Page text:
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FAQ > Electronic Medical Records > Are there any other reasons you don't like EHR systems?

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Are there any other reasons you don't like EHR systems?

I believe that EHR's pose a great risk to atrophy the intellectual skills physicians learned during the process of their medical education and training.  The early years of medical education involve the acquisition of a large number of facts -- the normal anatomy and normal function of the human body, abnormal anatomy and abnormal function of the body in various disease states, and the armamentarium of treatments.  The next few years of medical education are devoted to developing analytical skills.  The medical student must learn to acquire as much information about a patient as possible, to analyze that information in order to distinguish the important facts from the irrelevant, and then to formulate an analysis of the patient's problem as well as a coherent plan to deal with the problem.  This process requires years of practice and refinement.

When a second year medical student is sent to interview a patient, the student's professor expects the student to ask every question from the top to the bottom of a long list and to record all of the patient's positive and negative answers.  The purpose of this exercise is to teach the student all of the questions which must be asked.  After a year or two of this exercise, the student is permitted to record only the pertinent positive answers and the pertinent negatives.  By then the student has a good understanding of the important questions to ask, and the professor trusts that the student has not missed important questions.  A beginning medical student's note may be 8 pages long.  A senior medical student's note may be two pages long.  An intern's note may be 1 page long, and a resident's note will be a summary note 1/2 page long.  In the traditional medical education, the professor's note or the private physician's note may be a 1/2 page statement of the problem and what must be done about it.  The student at every step of the way learns that compiling an adequate amount of information, focusing on the important, and being progressively more concise at each higher level of education and experience are important skills that must be mastered.  The entire process of medical education is one of distilling information to its essential essence.  If you can't summarize a patient's problem and the plan for dealing with it in a few well chosen sentences, you don't know what the problem is or you don't understand it.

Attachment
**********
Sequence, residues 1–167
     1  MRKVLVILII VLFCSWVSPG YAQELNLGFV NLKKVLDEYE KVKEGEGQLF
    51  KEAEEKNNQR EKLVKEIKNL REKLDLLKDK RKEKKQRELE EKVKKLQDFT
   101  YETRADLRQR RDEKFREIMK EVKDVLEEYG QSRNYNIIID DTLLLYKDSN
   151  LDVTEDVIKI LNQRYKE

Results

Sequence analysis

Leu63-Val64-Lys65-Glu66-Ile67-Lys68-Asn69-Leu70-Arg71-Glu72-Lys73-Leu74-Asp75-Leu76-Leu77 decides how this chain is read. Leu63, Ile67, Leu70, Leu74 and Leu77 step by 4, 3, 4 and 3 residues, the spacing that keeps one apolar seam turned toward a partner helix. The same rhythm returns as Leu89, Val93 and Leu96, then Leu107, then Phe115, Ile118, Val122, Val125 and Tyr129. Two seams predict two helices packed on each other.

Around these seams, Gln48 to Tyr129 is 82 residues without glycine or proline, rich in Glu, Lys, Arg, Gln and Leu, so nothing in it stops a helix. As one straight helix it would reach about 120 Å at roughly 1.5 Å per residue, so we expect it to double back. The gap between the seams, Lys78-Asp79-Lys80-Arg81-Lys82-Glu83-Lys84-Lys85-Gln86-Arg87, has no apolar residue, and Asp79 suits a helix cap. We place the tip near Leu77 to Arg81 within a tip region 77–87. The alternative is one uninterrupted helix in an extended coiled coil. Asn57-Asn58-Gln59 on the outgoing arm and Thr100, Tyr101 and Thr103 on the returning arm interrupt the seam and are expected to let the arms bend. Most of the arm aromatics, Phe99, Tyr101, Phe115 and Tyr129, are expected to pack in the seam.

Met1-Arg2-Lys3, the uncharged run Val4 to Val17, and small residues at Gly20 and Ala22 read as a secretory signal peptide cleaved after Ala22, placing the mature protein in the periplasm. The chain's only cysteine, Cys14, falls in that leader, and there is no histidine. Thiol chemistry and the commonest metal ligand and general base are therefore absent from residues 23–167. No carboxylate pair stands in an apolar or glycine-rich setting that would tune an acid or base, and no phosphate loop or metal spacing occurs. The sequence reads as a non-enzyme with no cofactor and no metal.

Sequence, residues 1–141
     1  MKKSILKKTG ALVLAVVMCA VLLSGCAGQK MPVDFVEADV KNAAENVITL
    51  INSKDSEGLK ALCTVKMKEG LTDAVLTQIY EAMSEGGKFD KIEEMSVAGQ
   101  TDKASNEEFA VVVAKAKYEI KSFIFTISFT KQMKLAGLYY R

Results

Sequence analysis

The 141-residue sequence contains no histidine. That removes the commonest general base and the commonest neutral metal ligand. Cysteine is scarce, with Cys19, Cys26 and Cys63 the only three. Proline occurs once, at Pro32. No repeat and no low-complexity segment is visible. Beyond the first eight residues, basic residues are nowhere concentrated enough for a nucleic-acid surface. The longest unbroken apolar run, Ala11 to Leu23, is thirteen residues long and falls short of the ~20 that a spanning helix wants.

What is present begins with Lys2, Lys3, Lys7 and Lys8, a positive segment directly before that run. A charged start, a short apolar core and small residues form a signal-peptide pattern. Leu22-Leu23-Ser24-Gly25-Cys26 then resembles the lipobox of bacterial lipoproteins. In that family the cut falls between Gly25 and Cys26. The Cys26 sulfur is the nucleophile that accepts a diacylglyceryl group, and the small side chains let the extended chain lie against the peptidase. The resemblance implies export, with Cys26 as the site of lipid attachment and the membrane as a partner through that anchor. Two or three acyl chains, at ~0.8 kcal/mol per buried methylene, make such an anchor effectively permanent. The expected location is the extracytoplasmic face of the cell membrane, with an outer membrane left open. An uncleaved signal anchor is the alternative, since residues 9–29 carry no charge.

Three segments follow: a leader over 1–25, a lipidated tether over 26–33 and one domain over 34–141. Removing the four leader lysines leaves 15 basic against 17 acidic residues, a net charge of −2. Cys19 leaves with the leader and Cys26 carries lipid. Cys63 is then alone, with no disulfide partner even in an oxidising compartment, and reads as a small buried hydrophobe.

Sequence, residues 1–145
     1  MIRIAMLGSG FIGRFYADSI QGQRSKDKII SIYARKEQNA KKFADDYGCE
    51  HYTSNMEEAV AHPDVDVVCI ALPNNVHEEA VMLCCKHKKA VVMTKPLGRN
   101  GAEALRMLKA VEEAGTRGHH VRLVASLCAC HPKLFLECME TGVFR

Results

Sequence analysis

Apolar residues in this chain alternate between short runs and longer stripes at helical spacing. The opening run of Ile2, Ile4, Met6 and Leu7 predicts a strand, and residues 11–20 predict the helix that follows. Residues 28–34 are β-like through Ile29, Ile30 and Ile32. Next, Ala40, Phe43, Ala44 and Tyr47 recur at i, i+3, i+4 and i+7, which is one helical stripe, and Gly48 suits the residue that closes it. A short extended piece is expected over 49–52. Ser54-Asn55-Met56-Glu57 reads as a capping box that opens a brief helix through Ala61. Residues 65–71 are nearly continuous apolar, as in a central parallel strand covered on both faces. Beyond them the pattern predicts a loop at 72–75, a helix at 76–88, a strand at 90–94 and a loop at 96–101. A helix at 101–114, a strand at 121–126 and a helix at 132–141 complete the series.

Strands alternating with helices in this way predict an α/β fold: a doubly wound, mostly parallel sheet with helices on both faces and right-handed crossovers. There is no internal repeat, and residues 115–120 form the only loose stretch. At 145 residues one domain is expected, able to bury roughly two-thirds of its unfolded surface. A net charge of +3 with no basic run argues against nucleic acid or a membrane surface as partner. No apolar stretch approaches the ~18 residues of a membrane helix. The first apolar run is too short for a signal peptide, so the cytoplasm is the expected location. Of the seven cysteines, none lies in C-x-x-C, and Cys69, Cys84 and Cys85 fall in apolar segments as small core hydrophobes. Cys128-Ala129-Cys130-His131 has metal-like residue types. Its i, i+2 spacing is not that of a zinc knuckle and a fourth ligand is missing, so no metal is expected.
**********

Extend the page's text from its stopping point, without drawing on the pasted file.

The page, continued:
In the 1990's the medical profession permitted the Federal government and commercial insurance companies to define levels of physician effort by the length of the written or dictated note; those definitions permitted the insurers to develop computer billing codes to describe different levels of effort on the part of the doctor's work for each service performed.  Doctors were paid more for writing or dictating longer notes and less for being sharp, concise, and focused.  Insurers and the Federal government equated quantity with quality when, in fact, the opposite is more likely to be true.  Creating financial incentives for being verbose is the antithesis of the skill to be selective and focused in one's thinking and writing.  In reality, it takes a lesser intellect to record everything and a greater intellect to be concise.  EHR's are set up on the belief that more verbiage is always better than less.  Computers are great storage devices, but cannot weigh the relative importance of the facts gathered and how they fit into the puzzle of the patient's problem or the solution to the problem.  Electronic records create massive documents so that it is difficult to find the essential elements of a case history because it is buried in mounds of irrelevant detail.

Over-documentation is a concept that physicians understand but bureaucrats do not.  In that sense, the EHR can actually impede communication among medical professionals.  In a nearby town, I know a physician who has the ultimate EHR which acts like an electronic shovel for miniscule detail -- a bulldozer is more like it, upon further reflection.  When I see one of his patients in consultation, the patient tells me the doctor spent 10 minutes in a cursory interview, but the doctor's computer generated a ten page single spaced report with tiny printing.  I find myself spending 10 minutes wading through all of this verbosity to find the key one sentence which tells me why the physician is sending me the patient and what he expects from me.

There is an old adage that "if you don't use it, you lose it".  Given a decade or two with most doctors repetitively following the EHR scripts rather than thinking for themselves, I fear that the doctors who will be taking care of me in my dotage will not know how to think or to analyze.  If physicians let the computers guide them through long "to do" lists rather than thinking on their own, they will lose the ability to think and to analyze.